To mimic a natural oligosaccharide sample which normally contains more than one structure, the standards were combined and derivatized with both DPPD and 2-AB. Both samples were analyzed by HPLC using the Acquity BEH Glycan column and identical elution profiles. As shown in Fig. 3a, the order of elution is the same for oligosaccharides labeled with both DPPD and 2-AB. However, the DPPD-labeled sugars were eluted faster than those labeled with 2-AB, indicating that 2-AB-labeled oligosaccharides are more hydrophobic than their DPPD-labeled counterparts. In both cases, the labeling efficiency was clearly structure-dependent as the HPLC peak areas varied despite the equal concentrations of each standard in the sample. Moreover, differences between the peak areas in the HPLC profiles of the DPPD-labeled and 2-AB-labeled samples indicate that the labeling efficiency was also reagent-dependent. The two pairs of isomers (peak c and d and peak f and g), which were co-eluted when labeled with DPPD, could also not be separated when labeled with 2-AB. The complete chromatographic resolution of all oligosaccharides in a sample, especially isomers, is a perennial problem; one way of circumventing this issue is to use a different column, such as porous graphitic carbon (PGC) which has been reported to excel in the resolution of isomeric oligosaccharides , used in combination with a HILIC or RP column in a multidimensional HPLC system for improved separation. Alternatively, digestion with highly structurally specific exoglycosidases in combination with HPLC analysis is another potential solution.
The successful use of DPPD for labeling mono- and oligo-sugars led us attempt to extend this methodology to N-glycan labeling using NGA2 as a test substrate. However, after analysis by HPLC, no peak corresponding to the DPPD-labeled NGA2 was observed, while the peak for 2-AB labeled NGA2 was clearly present. The inability of DPPD to label this substrate is likely due to the presence of GlcNAc at the reducing end of the oligosaccharide. Since GlcNAc does not possess the C2 hydroxy group required for the formation of the furan moiety which makes up part of the fluorophore, the labeled oligosaccharide exhibits no fluorescence. In contrast, the milk-derived oligosaccharides from this study, and the monosaccharides tested in our previous study  all possessed C2 hydroxy groups on the root saccharide and were all successfully labeled. The reaction of a carbohydrate with 2-AB requires only a carbonyl group,  and so GlcNAc can be successfully labeled using this reagent. The ability of DPPD to thus discriminate between N-glycans and other oligosaccharides will be of great use for the analysis of oligosaccharides from natural sources.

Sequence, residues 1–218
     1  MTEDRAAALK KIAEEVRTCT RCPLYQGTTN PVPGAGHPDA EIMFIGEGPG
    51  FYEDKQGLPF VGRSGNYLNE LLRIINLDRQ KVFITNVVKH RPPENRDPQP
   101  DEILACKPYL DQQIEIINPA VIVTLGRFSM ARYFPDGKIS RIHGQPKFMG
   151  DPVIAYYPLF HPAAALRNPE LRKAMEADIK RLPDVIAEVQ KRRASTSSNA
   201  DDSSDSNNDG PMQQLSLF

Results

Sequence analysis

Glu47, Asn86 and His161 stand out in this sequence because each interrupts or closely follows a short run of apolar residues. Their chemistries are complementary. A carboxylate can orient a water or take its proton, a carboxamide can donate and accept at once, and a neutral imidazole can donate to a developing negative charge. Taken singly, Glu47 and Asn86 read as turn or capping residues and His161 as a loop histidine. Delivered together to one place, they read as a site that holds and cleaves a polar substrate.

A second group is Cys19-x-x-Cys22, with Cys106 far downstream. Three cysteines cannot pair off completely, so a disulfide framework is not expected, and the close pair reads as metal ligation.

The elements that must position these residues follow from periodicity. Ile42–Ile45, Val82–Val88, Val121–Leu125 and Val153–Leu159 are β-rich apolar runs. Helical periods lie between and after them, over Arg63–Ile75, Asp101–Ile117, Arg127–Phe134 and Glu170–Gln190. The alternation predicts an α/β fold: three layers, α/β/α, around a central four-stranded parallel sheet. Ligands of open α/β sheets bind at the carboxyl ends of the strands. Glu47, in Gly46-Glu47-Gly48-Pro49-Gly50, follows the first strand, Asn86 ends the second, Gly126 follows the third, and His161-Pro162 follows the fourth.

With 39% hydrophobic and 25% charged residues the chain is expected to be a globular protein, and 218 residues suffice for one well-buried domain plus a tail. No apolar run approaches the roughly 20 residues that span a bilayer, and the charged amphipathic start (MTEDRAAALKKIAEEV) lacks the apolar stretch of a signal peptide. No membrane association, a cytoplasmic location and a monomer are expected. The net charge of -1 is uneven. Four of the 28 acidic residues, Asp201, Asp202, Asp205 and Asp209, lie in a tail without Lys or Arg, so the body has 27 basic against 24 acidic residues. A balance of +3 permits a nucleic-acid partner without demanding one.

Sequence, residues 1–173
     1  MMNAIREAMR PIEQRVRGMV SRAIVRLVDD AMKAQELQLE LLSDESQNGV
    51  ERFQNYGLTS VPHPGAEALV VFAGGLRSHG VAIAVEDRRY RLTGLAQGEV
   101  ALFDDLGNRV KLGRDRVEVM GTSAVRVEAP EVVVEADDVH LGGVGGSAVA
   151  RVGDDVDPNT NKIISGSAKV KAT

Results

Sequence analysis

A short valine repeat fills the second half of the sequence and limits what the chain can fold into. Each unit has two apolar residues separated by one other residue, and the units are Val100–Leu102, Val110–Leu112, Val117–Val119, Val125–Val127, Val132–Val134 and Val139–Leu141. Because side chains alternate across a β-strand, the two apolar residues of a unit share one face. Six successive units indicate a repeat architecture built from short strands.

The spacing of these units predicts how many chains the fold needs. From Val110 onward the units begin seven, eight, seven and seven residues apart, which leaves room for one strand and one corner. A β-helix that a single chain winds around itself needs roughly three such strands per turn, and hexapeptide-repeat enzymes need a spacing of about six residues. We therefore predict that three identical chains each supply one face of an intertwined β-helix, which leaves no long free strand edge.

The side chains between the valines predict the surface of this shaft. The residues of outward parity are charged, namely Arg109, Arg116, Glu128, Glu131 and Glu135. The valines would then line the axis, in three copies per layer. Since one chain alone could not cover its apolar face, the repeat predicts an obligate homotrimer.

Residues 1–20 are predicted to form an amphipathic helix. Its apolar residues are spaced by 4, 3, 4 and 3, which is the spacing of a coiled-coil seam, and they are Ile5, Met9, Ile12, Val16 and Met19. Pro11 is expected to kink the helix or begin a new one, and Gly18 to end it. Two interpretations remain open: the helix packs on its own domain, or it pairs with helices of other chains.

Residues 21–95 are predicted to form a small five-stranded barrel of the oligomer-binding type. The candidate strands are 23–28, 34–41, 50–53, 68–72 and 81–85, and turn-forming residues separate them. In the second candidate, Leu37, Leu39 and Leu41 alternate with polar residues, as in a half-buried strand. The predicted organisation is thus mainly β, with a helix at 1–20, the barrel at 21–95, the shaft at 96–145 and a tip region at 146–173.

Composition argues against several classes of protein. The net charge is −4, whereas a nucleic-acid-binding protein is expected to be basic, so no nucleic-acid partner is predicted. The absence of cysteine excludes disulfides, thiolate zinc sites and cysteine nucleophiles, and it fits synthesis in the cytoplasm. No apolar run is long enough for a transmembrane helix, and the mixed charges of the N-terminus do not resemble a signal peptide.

Despite the dependence of labeling efficiency on both sugar structure and choice of labeling reagent which we have noted above, the use of 2-AB in conjunction with HPLC for the relative quantification of carbohydrates after exoglycosidase digestion has been reported , . We wished to determine whether DPPD could be used for similar applications, and to this end we investigated the relationship between labeling efficiency and sample concentration. Lactose, 3′-fucosylactose, and 3′-sialyllactose in concentrations ranging from 0.04 to 0.4 mM were labeled with DPPD as well as 2-AB (Fig. 4). Despite the substrate- and reagent-dependent differences in labeling efficiency, strong linear relationships between peak area and sample quantity were observed for all three samples using both labeling reagents, indicating that the labeling efficiency does not vary significantly with concentration and that DPPD can thus be used to monitor the relative concentration of a carbohydrate.
Application to an exoglycosidase assay
Exoglycosidase digestion is a powerful tool for determining the sequence and structure of glycan chains . A mixture of glycans can be separated into individual oligosaccharides and each of these oligosaccharides can be digested sequentially with various linkage-specific exoglycosidases. In order to verify the applicability of DPPD to the exoglycosidase treatment of oligosaccharides, LNFP II containing terminal fucose and galactose was employed as a standard. This oligosaccharide was labeled with DPPD, and subjected to digestion by β-galactosidase and α-fucosidase separately and in combination, and the products of digestion were analyzed by HPLC. As shown in Fig. 5, no change in retention time was observed after β-galactosidase digestion. The peak shifted from a to c after the treatment with α-fucosidase, and peak c further shifted to peak d after the treatment with β-galactosidase (Fig. 5). The α-fucosidase used in this report can release non-reducing terminal α(1-3, 4)-linked fucose, while β-galactosidase can release β(1-4)-linked galactose from the non-reducing terminus of an unbranched oligosaccharide. The results of this study clearly show that DPPD labeling can facilitate sugar structure analysis or assays of exoglycosidase activity.